VIDEO: Closed Door GUASA Conference Focuses on Guam’s Role in Asia-Pacific Security


Guam – Intelligence and national security experts are on Guam for a two day closed door conference organized by the local non-profit Guam military buildup lobbyist group called GUASA, the Guam-U.S.-Asia Security Alliance.

The conference is focusing on the role of Guam and the Marianas in America’s national security interests in the Asia Pacific region. Although our cameras were not allowed inside the conference,  we were allowed to interview some of the presenters outside of the meeting.


PNC cameras were not allowed to film any portions of the GUASA security conference held in Tumon even though Guam Congresswoman Madeleine Bordallo, a public official, was delivering the luncheon keynote address. In fact the Congresswoman was not even available for an interview before or after the conference. 

However, we were allowed to interview conference presenters outside of the conference during their breaks. Global Strategies and Transformation President Carl Ford is the conference moderator. “We’re here having a two day conference to talk about security issues in East Asia and we’re very much focused also on where Guam fits in to all of that,” said Fprd.

This is the focus of this conference. What is Guam’s role in the national security plans for the United States particularly when it comes to security in the Asia-Pacific region? “The importance of Guam the Marianas and other islands is that they’re Americans they’re U.S. citizens and so that this is the closest we are,” said Ford adding, “You’re part of the spear point of American interests throughout Asia all the way from Northeast Asia Korea Japan all the way through Southeast Asia.”

Another reason for the conference is to get all of the experts to come to Guam to see the island for themselves. Yesterday they toured the bases. “Most of them were given a grand tour of the Naval facilities, Andersen and the new THAAD battery and so they’ve really gotten a much better appreciation of how large our facilities already are here on Guam,” said Ford. Ford came a few days early and had the opportunity to tour Saipan and Tinian. “My eyes were opened particularly in terms of Tinian and how much area there is there for the marines and others to play with and I think that as the buildup continues we’re going to be able to work out plans that satisfy the military but more important satisfy the people that are gonna have to put up with us in our noise and our activities here,” said Ford.

The ultimate goal of the conference is to gather information prepare a report and bring it back to Washington D.C. “These people are also gonna take the message back to Washington many of the people that are here Dr. Cronin, General Gregson, Admiral Wright, Randy Schriver, Sak Sakota, all of these people are well known in Washington and so they are gonna be able to take the message back to the White House to the Defense Department to the State Department and say listen here’s what we learned this is what you ought to think about in terms of East Asia and Guam in particular,” said Ford.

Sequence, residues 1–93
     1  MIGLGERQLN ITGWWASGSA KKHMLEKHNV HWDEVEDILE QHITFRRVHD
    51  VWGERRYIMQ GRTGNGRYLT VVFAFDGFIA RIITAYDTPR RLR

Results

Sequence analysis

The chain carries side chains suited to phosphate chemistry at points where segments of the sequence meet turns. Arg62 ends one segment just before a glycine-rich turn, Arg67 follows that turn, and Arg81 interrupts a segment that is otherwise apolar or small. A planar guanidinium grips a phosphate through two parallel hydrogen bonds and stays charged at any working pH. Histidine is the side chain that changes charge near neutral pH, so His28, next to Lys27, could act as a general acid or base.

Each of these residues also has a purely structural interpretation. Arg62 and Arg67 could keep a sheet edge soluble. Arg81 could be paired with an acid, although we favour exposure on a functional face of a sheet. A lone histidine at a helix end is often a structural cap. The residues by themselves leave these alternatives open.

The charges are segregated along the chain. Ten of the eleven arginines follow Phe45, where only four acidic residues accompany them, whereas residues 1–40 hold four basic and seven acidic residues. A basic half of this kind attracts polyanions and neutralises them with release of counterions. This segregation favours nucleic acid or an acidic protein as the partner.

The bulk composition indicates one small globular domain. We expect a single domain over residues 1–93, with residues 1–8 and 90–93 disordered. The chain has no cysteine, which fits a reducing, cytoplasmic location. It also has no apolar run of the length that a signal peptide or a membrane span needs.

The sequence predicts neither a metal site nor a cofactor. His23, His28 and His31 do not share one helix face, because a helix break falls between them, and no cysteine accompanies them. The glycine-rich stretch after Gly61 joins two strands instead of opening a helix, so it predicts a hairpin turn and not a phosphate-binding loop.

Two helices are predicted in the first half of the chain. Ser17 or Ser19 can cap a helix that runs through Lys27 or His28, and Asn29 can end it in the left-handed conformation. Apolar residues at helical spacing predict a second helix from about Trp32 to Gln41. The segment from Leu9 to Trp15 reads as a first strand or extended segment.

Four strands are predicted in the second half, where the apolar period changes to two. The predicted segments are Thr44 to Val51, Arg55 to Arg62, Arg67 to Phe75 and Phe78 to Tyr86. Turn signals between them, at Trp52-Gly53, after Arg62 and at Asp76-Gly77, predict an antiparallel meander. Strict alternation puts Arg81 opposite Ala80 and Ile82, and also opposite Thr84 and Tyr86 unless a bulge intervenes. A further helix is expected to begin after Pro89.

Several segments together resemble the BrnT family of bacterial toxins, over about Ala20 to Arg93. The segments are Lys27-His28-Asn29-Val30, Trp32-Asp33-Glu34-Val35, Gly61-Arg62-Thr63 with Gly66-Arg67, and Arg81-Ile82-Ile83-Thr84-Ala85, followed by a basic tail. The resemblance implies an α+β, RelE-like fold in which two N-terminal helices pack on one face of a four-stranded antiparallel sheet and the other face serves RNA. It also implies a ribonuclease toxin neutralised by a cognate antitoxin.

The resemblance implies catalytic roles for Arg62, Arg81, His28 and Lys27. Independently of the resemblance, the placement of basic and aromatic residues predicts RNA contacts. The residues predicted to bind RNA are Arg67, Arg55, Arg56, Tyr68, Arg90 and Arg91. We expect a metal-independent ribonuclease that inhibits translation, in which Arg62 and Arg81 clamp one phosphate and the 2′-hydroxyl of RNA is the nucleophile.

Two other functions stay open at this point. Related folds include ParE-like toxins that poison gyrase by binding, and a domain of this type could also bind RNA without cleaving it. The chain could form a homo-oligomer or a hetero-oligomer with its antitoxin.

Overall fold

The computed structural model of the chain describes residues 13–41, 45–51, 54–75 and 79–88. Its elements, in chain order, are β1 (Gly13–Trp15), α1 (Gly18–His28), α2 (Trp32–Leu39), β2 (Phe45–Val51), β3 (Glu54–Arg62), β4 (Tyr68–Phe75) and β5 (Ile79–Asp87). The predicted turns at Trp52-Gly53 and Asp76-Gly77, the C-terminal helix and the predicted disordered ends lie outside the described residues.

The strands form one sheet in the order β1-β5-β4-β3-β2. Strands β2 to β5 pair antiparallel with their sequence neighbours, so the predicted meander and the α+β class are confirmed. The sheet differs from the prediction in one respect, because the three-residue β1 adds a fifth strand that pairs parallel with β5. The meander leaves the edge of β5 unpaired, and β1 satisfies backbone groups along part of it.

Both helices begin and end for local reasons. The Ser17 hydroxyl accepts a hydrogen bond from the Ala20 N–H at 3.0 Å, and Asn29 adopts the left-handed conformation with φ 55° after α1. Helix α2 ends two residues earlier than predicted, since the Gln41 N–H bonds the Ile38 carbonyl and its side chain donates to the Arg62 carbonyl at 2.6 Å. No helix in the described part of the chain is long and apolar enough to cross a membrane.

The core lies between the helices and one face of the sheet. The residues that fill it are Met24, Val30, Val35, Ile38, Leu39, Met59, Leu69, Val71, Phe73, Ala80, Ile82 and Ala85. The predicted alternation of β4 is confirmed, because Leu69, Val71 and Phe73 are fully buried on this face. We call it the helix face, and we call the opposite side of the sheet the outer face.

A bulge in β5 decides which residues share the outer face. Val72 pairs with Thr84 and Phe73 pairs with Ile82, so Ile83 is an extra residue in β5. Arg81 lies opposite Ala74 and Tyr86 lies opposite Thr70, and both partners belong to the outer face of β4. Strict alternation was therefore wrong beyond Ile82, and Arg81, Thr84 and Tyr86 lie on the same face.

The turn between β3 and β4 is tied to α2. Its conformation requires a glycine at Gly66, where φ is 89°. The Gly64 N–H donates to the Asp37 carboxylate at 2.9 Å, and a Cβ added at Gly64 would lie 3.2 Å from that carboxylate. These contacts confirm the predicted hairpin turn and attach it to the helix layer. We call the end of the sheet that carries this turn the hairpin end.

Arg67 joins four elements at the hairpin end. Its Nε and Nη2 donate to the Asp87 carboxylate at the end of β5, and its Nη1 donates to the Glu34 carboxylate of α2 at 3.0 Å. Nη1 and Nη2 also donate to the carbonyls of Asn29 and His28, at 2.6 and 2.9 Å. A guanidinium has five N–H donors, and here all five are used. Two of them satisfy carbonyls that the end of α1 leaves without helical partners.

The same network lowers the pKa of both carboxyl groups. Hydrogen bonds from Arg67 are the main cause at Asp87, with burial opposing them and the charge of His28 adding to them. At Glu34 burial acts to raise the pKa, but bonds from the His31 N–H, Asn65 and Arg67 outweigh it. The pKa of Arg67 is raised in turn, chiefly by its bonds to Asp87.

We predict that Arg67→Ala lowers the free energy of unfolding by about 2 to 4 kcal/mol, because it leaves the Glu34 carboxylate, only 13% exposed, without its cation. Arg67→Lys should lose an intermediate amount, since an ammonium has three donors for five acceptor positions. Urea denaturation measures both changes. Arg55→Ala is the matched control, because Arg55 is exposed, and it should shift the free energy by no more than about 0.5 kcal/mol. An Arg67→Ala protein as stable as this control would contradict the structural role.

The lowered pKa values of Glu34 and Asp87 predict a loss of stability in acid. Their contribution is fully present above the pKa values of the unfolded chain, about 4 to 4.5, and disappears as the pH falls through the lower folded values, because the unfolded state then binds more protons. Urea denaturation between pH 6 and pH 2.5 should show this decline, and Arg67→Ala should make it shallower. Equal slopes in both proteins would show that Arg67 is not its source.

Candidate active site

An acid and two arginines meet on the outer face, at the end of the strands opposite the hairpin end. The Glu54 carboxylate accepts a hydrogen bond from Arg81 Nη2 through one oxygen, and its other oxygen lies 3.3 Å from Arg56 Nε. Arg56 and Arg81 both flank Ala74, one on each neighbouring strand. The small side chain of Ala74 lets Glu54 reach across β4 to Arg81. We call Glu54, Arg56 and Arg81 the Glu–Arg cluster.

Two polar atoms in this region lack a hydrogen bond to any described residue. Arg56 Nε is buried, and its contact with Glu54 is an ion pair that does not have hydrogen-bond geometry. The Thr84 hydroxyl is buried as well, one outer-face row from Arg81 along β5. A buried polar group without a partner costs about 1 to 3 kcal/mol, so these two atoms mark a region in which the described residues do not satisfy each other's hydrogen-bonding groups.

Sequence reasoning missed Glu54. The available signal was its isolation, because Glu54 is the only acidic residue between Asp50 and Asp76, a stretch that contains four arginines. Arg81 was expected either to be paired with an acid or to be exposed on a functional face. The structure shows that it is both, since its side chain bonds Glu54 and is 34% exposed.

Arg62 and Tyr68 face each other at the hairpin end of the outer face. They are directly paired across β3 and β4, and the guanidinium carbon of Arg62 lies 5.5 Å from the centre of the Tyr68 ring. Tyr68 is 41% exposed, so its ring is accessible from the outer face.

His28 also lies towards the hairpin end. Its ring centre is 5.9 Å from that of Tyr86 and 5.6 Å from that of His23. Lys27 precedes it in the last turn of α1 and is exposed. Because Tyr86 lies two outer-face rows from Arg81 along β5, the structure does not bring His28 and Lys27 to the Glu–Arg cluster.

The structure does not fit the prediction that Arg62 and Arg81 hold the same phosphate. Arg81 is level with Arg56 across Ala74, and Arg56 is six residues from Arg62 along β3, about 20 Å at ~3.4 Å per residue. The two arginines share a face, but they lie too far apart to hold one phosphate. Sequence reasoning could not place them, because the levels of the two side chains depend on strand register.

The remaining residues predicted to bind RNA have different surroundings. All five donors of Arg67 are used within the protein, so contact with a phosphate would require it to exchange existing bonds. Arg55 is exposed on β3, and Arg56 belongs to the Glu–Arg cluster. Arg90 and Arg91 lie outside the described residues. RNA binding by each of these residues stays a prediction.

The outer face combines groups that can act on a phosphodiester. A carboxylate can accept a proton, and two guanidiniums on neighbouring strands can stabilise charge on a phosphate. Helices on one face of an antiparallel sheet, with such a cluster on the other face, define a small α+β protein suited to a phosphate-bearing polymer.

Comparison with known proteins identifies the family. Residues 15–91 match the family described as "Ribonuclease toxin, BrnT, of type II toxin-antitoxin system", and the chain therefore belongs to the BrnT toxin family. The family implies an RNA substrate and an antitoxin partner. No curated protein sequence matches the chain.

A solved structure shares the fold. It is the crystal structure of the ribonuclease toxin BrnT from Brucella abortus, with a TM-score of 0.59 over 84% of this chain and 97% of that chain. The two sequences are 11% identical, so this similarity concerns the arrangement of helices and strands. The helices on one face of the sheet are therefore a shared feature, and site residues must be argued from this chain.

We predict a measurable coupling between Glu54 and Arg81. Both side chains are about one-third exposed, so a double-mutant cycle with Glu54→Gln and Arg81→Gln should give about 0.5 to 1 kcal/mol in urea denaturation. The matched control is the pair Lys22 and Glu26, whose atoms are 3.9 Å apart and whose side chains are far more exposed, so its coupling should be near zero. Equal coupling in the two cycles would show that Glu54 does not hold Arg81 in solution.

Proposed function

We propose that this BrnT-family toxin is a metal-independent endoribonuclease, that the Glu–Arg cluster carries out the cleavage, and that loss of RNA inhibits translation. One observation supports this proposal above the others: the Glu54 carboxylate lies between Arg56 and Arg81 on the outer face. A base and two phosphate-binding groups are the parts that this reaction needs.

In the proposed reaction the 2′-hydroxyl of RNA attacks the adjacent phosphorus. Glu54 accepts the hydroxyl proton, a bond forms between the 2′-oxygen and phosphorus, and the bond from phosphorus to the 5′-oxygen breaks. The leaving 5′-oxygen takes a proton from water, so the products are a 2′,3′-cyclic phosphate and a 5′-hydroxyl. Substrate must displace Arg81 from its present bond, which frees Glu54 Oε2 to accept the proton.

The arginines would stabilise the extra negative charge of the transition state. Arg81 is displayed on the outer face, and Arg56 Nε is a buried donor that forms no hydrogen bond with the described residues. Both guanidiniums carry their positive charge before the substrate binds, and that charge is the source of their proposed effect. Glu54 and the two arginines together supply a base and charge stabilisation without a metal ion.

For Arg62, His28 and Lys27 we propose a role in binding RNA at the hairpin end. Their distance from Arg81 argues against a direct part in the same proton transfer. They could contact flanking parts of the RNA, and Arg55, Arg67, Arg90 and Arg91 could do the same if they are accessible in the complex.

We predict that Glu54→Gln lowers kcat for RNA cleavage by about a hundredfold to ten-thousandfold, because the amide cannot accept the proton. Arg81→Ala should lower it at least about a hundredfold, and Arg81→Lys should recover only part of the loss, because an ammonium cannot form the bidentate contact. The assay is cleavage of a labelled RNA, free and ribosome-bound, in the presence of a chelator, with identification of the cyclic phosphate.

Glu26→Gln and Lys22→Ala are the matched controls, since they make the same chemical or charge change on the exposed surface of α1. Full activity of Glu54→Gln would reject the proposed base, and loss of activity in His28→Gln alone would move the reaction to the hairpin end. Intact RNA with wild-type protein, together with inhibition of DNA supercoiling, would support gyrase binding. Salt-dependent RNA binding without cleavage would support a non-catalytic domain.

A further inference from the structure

However local attorney and “We are Guahan” member Leevin Camacho say this concerns him. “Part of the problem that we’ve had from day one going back to 2009 is that these are people from Washington D.C. coming to Guam making decisions about Guam without input from the people of Guam. This conference is an example of that where we have a two day conference for $150 dollars everyone who’s gonna be impacted by this buildup on Guam who can take the days off or afford their entrance fee and the fact that it’s been closed off to the media you know people are entitled to answers as to how this is going to affect the people here not just militarily but socially culturally,” said Camacho.

However Ford says that they are concerned about what locals think. “We’re giving the audience opportunities today and tomorrow to ask questions and make comments because we’re here to listen as well as Talk. Talk, Talk, Talk, we can do that easy we could’ve done that in Washington, but we also want to make sure that we have the local viewpoint as well,” said Ford.

“You’re not gonna talk to the average person on Guam in a two day conference at the Hyatt. You know you really need to go out and look at our schools look at our hospital look at the people who are working 8 to 5 and they are trying to find a house they can rent but they can’t because all the rents being set super high so they can accommodate soldiers. So, these are the impacts that are not gonna be talked about because really it’s all about construction contracts and it’s about military mission and it’s not about the people of Guam,” said Camacho.

Once the conference is complete, Ford says he and some of the other members of the conference panel will put together a report that they will then take to Washington.

The GUASA conference ends Friday.